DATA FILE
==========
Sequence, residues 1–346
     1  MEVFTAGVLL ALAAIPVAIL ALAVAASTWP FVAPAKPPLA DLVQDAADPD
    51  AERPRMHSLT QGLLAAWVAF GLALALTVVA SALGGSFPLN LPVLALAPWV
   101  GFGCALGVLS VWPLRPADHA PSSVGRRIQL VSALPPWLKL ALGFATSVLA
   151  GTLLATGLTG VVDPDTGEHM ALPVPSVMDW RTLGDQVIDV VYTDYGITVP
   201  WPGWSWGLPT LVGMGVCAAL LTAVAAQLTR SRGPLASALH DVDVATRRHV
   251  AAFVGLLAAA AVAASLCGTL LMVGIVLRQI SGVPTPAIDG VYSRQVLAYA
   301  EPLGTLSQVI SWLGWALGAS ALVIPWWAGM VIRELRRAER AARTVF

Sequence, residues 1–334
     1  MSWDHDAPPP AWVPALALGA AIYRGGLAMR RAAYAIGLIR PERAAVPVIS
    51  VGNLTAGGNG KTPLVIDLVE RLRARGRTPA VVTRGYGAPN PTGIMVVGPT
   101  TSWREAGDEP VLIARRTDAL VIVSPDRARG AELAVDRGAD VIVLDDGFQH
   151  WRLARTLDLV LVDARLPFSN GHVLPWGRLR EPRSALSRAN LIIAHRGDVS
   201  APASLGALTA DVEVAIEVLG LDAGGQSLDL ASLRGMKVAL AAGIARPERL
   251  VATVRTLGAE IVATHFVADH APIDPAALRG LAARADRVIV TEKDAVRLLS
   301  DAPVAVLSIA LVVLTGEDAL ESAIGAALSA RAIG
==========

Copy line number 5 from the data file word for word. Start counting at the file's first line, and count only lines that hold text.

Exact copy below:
   151  GTLLATGLTG VVDPDTGEHM ALPVPSVMDW RTLGDQVIDV VYTDYGITVP